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Posted on Sat, Mar 31, 2012 : 5 a.m.

Treat uveitis early to prevent serious eye damage later

By Ask Dr. K

Harvard Medical School Adviser by the Faculty of Harvard Medical School


I'm 64 and have been diagnosed with anterior uveitis in my right eye. What causes this condition? What's the best treatment for it?


The uvea is a complex structure that makes up the middle layer of the tissues that surround the fluid-filled interior of the eyeball. These three layers -- the retina (the inner layer that contains nerve cells responsible for vision), the uvea, and the sclera (the protective outer "white" of the eye) -- surround the cavity of the eyeball, which contains the gel-like vitreous humor. Uveitis is inflammation of one or more of the parts of the uvea.

The uvea has three parts: the iris, the colored part of the eye around the pupil; the ciliary body, the structure near the iris that produces the fluid inside the eye; and the choroid, which contains blood vessels that nourish important parts of the eye, including the retina.

Uveitis can develop suddenly and can affect one or both eyes. It can cause painful reddening of the eyeball, blurred vision, light sensitivity, and floaters or other debris in your field of vision.

Depending upon the part of your uvea that's affected, you may have all of these symptoms or none at all. In any case, it's a serious condition that can result in scarring and even blindness if left untreated.

Uveitis can be caused by infections, autoimmune conditions or trauma to the eye, which can include complications of eye surgery. Some of the autoimmune disorders linked to uveitis are ankylosing spondylitis, lupus, juvenile rheumatoid arthritis and multiple sclerosis. Infections that can trigger uveitis include tuberculosis, toxoplasmosis, herpes, syphilis or cytomegalovirus (especially in patients with AIDS).

Rarely, medications can cause uveitis. Possible culprits include bisphosphonates (especially when given intravenously), the antibiotics rifabutin (Mycobutin) and moxifloxacin (Avelox), and the antiviral drug cidofovir (Vistide).

In about 30 percent of cases, the cause of uveitis is unknown. Some patients develop "masquerade syndromes" that resemble uveitis but have other causes, such as a tear in the retina or a type of lymphoma.

The most common form of uveitis -- and the one you have -- is anterior uveitis. This form affects the front part of the eye, which is made up of the iris and ciliary body. But there are two other kinds. In intermediate uveitis, the inflammation affects mostly the vitreous humor. And in posterior uveitis, the least common form, the retina or choroid at the back of the eye is affected. Sometimes the whole eye is affected.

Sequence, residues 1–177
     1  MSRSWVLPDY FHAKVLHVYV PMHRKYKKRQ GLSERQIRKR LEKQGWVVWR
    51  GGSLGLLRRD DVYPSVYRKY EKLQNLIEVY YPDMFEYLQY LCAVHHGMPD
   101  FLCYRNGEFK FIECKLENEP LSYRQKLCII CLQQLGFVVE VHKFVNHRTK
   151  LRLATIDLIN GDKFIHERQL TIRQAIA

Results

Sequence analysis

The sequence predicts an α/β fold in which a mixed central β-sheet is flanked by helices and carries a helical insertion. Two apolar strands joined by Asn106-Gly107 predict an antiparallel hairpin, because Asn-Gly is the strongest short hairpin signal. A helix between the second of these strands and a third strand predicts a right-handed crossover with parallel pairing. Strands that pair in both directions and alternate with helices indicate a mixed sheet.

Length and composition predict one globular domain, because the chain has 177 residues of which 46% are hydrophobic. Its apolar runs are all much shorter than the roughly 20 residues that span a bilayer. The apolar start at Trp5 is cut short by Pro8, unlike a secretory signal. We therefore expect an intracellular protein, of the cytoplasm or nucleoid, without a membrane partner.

To diagnose uveitis, an ophthalmologist examines the eye with a slit lamp. This is a magnifying instrument that gives the doctor a detailed view of the eye structures.

Choosing the right treatment for uveitis depends on diagnosing the cause. Infectious uveitis is treated with an antibiotic, antifungal, antiviral or other medication. Noninfectious uveitis is usually treated with steroids applied topically in the form of eyedrops. Steroids can also be injected into the eye or taken by mouth. Lastly, there is an FDA-approved surgical implant that slowly releases steroids within the eye for severe uveitis.

All forms of steroid therapy can cause glaucoma or cataracts. Unfortunately, uveitis can also cause cataracts and glaucoma. But it must be treated to preserve your vision. If cataracts or glaucoma develop during your treatment, your ophthalmologist will recommend appropriate additional therapy.

Treating uveitis may require both an ophthalmologist and an internist. Once your ophthalmologist has confirmed the diagnosis, you should inform your internist or primary care provider. She or he may want to take a detailed history, perform a physical exam and order laboratory tests to determine whether your uveitis is related to a treatable underlying condition. It's also important to follow up with your ophthalmologist to make sure the treatment is working and to check for complications.

With treatment, most cases of anterior uveitis improve within a few days to a few weeks. But relapses are quite common. Your best bet for preventing permanent eye damage or complications is to begin treatment early and follow your doctor's orders to a T.

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